The University of Chicago empowers scholars and students to ask big questions, cross boundaries, and challenge conventional thinking in virtually every field. From the University’s inception, its academic structure broke with the status quo, combining an English-style liberal arts education with a German-style approach to graduate research. This became a model for many leading American universities.

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UChicago Breakthrough
Established the fields of ecology and sociology. Albion Small, a father of the academic discipline of sociology, helped found the University’s Department of Sociology in 1892.
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UChicago is a leader in continuing education, having offered at our founding programs designed to bring college-level course material to those who could not attend classes on campus. The Graham School and online learning continue that tradition. Professor David Archer taught one of the University’s first massively open online courses (MOOCs), Global Warming: Understanding the Forecast.
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Françoise Meltzer and W. J. T. Mitchell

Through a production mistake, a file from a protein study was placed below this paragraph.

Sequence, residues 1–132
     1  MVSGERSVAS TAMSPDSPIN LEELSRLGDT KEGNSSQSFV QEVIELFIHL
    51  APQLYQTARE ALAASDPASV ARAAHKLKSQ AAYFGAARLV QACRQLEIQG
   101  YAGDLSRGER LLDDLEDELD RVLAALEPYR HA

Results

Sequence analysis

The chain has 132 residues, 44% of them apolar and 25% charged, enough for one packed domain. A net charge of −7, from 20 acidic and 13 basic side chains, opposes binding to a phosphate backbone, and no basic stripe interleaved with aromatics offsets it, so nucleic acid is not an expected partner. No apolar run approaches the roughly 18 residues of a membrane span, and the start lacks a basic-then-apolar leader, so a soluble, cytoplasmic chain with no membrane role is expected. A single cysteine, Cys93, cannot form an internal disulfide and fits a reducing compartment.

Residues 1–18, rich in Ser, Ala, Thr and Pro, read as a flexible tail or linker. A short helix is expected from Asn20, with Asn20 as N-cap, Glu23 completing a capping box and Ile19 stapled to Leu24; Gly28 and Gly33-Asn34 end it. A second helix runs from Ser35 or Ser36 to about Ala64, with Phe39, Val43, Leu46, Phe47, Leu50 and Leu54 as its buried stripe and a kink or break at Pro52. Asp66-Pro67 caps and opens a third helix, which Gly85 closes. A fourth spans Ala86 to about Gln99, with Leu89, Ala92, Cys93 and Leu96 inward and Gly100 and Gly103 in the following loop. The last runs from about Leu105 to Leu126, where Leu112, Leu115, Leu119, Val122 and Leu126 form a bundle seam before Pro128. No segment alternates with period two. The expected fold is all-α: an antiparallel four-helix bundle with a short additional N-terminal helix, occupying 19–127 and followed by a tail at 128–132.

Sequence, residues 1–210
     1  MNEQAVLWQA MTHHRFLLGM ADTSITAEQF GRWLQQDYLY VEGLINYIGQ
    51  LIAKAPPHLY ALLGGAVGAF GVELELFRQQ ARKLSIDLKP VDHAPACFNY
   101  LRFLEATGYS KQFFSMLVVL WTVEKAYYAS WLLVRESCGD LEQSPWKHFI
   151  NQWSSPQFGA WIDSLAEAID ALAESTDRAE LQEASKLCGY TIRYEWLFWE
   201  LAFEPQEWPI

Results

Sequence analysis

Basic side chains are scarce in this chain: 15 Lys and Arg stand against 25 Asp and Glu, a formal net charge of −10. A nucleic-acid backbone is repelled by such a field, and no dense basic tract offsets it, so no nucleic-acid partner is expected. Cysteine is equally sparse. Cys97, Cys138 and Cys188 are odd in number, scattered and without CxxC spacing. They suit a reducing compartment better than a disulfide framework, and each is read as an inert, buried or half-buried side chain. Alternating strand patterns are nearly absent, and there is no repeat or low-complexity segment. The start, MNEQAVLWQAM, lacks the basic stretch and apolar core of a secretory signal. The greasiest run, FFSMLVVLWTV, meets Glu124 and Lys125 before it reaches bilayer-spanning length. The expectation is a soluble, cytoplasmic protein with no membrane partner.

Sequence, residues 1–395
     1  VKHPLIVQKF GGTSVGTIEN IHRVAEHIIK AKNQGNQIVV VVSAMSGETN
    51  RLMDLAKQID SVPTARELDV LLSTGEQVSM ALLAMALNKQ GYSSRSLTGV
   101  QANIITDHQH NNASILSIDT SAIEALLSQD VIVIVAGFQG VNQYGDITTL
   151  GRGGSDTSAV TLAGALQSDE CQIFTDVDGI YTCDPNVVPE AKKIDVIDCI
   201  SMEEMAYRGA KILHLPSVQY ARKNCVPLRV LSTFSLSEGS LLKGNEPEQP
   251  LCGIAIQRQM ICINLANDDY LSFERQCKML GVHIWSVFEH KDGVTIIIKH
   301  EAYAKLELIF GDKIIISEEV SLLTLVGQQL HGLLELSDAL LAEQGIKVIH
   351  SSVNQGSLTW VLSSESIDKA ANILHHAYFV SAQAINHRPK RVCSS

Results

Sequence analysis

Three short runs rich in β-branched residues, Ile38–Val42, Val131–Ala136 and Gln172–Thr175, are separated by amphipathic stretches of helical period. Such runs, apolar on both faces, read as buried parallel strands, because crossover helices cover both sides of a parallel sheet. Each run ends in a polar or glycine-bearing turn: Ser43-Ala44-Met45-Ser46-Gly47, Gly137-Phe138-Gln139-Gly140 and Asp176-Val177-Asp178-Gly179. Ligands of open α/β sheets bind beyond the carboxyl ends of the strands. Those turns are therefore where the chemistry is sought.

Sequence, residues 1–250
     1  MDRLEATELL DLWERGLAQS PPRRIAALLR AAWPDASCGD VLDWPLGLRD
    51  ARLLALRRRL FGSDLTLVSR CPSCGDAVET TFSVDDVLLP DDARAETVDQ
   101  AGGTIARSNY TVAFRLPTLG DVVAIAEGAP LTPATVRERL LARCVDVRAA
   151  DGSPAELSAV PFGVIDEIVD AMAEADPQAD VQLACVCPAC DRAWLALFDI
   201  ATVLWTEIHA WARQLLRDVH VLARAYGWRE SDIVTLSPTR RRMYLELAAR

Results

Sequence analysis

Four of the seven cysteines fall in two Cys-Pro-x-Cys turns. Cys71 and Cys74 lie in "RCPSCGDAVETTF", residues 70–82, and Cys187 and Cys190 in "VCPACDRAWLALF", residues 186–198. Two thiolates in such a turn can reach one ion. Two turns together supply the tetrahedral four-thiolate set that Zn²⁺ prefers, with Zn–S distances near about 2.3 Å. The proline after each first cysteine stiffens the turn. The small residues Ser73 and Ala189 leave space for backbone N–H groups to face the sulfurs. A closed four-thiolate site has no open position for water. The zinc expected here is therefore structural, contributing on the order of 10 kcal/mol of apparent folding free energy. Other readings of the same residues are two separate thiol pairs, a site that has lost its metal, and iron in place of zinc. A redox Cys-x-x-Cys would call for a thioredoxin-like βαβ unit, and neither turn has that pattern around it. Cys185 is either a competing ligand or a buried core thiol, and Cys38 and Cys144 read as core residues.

Our academic programs are known for their emphasis on critical thinking and interdisciplinary exposure to foster intellectual discovery. Faculty members Françoise Meltzer (Comparative Literature, Divinity School) and W. J. T. Mitchell (English, Art History, Visual Arts), editor of the interdisciplinary journal Critical Inquiry, cotaught a course on mental illness and visual culture that drew students from medicine, divinity, psychiatry, English, comparative literature, and art history.
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Bond Chapel

UChicago’s first president, William Rainey Harper, believed a great research university should have the scholarly study of religion as one central occupation. This commitment led him to bring the Morgan Park Seminary of the Baptist Theological Union to Hyde Park, making the Divinity School the first professional school at the University of Chicago.
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Law and economics as a distinct discipline was pioneered by Nobel Laureate and Law School professor Ronald Coase. The Law School’s Coase-Sandor Institute for Law and Economics continues to promote the understanding and dissemination of the economic approach to law. The institute's annual summer school draws scholars from all over the world.
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UChicago continues to break new academic ground with the degree-granting Institute for Molecular Engineering, which is helping to define a nascent field, allowing faculty and students to conduct research at the intersection of chemical engineering, bioengineering, and materials science.
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Chicago Booth

UChicago forever changed business education with the first executive MBA program, in 1943. Today, Chicago Booth’s Executive MBA Program is offered on three continents, bringing together experienced executives from around the world.
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